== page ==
This proposed rule has been determined to be significant for purposes of Executive Order 12866.
The Council prepared a final supplemental environmental impact statement for Amendment 9 to the FMP that assessed the environmental impacts of its greater amberjack trip limit. A notice of its availability was published on October 9, 1998 (63 FR 54476).
The Chief Counsel for Regulation of the Department of Commerce has certified to the Chief Counsel for Advocacy of the Small Business Administration that this proposed rule, if adopted, would not have a significant economic impact on a substantial number of small entities. The factual basis for the certification is based on NMFS' analyses and is summarized as follows:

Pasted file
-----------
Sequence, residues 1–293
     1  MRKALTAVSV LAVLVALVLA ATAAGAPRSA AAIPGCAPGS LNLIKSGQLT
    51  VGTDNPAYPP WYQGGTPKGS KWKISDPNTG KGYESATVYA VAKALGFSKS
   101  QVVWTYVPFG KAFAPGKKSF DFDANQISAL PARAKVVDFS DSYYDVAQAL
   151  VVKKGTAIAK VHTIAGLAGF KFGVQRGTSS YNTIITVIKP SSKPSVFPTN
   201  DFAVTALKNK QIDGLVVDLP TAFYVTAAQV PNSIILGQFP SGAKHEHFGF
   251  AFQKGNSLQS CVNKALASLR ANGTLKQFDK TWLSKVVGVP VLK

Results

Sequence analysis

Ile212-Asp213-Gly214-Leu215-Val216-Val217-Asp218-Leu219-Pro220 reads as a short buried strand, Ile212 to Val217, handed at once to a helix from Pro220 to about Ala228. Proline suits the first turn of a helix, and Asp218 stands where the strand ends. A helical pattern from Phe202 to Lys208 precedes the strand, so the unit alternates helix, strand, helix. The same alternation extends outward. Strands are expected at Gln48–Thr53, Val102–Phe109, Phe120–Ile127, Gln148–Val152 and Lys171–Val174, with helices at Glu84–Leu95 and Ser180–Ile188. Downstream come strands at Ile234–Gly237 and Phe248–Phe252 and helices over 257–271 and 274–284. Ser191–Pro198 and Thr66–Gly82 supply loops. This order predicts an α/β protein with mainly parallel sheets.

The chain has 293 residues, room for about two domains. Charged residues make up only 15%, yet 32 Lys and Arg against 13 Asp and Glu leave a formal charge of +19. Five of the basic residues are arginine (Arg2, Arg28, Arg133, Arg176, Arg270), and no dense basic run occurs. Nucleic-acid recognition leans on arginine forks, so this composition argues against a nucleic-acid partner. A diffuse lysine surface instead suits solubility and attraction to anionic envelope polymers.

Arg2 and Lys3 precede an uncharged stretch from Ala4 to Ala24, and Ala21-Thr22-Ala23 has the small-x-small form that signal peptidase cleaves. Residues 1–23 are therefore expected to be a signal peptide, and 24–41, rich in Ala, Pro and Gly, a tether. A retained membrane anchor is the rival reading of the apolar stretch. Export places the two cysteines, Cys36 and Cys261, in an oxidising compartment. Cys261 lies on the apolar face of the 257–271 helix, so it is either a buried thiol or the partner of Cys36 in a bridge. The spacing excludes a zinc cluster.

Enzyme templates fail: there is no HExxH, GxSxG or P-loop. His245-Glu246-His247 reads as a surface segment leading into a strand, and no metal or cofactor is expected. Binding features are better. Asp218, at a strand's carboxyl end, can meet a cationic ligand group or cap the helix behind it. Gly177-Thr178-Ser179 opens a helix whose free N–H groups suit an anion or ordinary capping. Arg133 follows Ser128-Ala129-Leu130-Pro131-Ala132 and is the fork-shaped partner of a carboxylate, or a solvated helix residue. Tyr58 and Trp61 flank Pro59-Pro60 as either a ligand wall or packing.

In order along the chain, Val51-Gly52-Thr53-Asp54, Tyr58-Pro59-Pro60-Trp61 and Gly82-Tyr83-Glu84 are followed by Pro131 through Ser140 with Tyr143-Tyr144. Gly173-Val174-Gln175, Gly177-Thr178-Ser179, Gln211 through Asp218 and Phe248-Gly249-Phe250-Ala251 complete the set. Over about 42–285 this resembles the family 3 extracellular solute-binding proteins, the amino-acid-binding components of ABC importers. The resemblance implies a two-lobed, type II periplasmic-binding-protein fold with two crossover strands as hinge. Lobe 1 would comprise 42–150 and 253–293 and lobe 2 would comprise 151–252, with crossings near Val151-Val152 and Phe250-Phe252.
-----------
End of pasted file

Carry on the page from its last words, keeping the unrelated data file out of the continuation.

Determination of Nature and Size of Economic Impacts on Small Entities: This determination and discussion is based on a series of analyses conducted by NMFS following the original disapproval decision by the Secretary of Commerce and the subsequent resubmittal of the action. One part of the determination is to decide if a substantial number of the population will be affected by the proposed Federal action and defining the population is key to the determination of substantial number. For the purposes of this determination, a narrow definition of the population that might be impacted by the action will be used. Although there are about 2,000 vessels permitted to legally harvest greater amberjack, the population is defined as being limited to those vessels that actually landed greater amberjack in the most recent fishing year for which data are available. It is further determined that all of these fishing vessels represent small entities as defined by the Small Business Administration. During the 1996-97 fishing year a total of 553 commercial fishing craft landed greater amberjack and took 3685 trips on which landings of greater amberjack were reported. Of the 553 fishing craft that could be potentially impacted, 73 reported a total of 290 trips that resulted in landing over 1,000 pounds of greater amberjack on at least one trip during the 1996-97 fishing season. In terms of the population as defined, 13 percent of the population had one or more trips on which 1,000 pounds of greater amberjack were landed and this represents 8 percent of all greater amberjack trips.